Islamic finance institutions need to rethink roles in current times — Bank Rakyat

Institution : International Shariah Research Academy for Islamic Finance - ISRA, Bank Rakyat
31 October, 2019      187



KUALA LUMPUR: Bank Rakyat said Islamic finance (IF) institutions need to rethink their roles for the current times and urged them to look at how they can help address issues faced by the world currently.

In a statement, Bank Rakyat chairman Datuk Noripah Kamso had urged IF stakeholders attending the International Islamic Shariah Scholars Roundtable (iSHAR) to go beyond the “banking mindset” and find ways to take on a more active role in spurring the development of society.

iSHAR is co-organised by Bank Rakyat and International Shari’ah Research Academy for Islamic Finance.

The two-day roundtable saw more than 20 shariah scholars and Islamic banking practitioners from Malaysia, the United Arab Emirates, Turkey, Saudi Arabia, Kuwait, Syria, Bahrain and Jordan.

“Islamic finance as an industry needs to move past the standard banking mindset and economic activity in societies. We need to be a catalyst for sustainable development and to create platforms for a co-dependent economic system.

“For this, we need clarity and consensus in ruling and framework on how we approach current issues and the rising culture of innovation in business. We need clarity in legal and arbitration rulings not only for these innovation but for any innovation that may come up in conventional banking and how we, if required, replicate that in Islamic banking,” she said.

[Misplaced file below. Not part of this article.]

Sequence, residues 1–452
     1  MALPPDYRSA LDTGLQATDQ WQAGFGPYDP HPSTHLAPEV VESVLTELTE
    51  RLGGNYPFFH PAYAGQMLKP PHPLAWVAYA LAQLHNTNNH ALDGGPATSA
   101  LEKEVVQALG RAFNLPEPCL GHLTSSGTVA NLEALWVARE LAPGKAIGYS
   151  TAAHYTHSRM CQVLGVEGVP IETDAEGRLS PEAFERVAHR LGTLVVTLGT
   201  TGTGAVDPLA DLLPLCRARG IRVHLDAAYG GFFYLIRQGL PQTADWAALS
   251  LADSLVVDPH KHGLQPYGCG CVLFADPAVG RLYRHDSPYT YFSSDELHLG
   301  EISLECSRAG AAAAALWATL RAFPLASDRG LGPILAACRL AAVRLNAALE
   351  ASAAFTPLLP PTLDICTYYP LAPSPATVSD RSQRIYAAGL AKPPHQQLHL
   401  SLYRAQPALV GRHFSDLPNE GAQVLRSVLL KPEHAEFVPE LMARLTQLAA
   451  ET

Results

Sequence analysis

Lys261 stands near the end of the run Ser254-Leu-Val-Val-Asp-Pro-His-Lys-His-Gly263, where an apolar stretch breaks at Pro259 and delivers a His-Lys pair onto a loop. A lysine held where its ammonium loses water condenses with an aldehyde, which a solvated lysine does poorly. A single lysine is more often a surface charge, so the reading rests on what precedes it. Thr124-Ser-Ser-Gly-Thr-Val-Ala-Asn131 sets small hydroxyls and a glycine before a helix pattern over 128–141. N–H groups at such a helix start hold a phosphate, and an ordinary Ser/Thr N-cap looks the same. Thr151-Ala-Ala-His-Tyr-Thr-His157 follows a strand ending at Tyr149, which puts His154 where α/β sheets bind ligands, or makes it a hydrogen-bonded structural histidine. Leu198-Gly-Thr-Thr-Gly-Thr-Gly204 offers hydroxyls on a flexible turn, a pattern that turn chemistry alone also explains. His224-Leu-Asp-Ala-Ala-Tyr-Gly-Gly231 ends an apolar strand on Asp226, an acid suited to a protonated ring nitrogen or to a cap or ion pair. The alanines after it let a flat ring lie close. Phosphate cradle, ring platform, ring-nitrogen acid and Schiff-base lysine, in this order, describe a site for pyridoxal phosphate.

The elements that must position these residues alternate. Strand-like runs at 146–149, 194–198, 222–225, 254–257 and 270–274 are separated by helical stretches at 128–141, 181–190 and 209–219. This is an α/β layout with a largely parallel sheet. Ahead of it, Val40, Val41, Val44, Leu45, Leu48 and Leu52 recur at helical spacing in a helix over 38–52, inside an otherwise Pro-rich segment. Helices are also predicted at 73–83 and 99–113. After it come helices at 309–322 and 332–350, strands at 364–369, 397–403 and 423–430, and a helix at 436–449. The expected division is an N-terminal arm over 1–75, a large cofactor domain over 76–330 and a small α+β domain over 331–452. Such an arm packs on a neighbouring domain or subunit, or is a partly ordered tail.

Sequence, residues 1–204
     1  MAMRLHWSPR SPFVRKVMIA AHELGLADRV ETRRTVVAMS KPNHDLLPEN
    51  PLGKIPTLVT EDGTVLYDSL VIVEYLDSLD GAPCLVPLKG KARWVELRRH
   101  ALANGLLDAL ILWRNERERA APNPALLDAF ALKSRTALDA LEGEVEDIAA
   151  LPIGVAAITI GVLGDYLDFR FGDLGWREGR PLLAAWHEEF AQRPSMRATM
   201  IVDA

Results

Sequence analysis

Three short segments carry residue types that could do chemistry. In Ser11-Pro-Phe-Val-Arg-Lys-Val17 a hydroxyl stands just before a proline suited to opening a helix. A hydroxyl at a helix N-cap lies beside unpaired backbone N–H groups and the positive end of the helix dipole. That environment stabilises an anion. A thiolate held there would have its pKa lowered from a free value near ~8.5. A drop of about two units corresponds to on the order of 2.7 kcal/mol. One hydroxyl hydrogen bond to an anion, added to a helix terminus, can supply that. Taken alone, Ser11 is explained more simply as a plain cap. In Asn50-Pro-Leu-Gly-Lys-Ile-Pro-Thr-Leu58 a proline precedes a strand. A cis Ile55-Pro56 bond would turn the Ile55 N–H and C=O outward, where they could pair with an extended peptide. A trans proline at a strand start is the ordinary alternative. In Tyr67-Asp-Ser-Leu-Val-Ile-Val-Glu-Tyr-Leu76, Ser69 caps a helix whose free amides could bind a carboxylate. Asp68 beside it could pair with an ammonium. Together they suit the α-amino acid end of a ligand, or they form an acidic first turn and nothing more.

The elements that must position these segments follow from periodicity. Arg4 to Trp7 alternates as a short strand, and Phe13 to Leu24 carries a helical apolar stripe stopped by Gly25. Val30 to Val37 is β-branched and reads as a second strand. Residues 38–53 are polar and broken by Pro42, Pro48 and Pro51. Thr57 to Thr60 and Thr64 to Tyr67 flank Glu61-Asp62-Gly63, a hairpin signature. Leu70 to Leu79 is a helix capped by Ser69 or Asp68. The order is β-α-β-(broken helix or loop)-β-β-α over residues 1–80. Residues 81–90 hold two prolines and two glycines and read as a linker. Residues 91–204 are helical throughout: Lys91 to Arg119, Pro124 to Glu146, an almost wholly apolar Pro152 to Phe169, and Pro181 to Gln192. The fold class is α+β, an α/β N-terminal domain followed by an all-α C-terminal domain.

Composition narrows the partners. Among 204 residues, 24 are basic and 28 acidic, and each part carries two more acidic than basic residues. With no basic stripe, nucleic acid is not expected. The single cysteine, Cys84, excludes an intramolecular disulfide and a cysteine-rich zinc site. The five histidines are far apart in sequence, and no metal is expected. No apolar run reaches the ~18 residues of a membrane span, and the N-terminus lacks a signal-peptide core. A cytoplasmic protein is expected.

Noripah added that IF stakeholders need to fully understand the implications of disruption in the industry, as tools such as zakat, waqf and sadaqah can be leveraged upon to bridge financing gaps as well as promoting social and economic inclusion through promoting and spurring economic activities in societies.

She said that IF institutions should also participate in offering solutions to governments, the private sector and non-governmental organisations.

“Globally, we face a myriad of new disruptions. They range from building co-dependent institutions and societies to addressing the dire income inequality in societies. We must ask ourselves if our own system is truly ethical in its actions,” she said.

“We must also look at how active we are in the empowerment of women in societies, as when you educate a woman, you educate a village and eradicate poverty.

“Of importance is also addressing issues relating to youth in our societies. The young are moving further and further away from our belief system as they find our rules very cumbersome and in many instances beyond their comprehension,” Noripah added.

She also encouraged participants of the forum to discuss climate change and what IF institutions can do to assist in resolving the issue.

“The regulatory framework needs to address the unique characteristics and attributes associated with Islamic finance industry for these times. They too may need to rethink their roles. This is an area that requires work not only in Malaysia but also globally.

“We need to ascertain how much the state decides, and where society intervenes. Bank Rakyat would be keen to be involved in the development of this framework with the necessary local and global oversight bodies and partners,” Noripah added.

During the event, the bank launched the Studies and Recommendations of the second Bank Rakyat International Shariah Scholars Roundtable book which presents issues related to waqf and the role of IF institutions in bettering the socio-economic status of communities.

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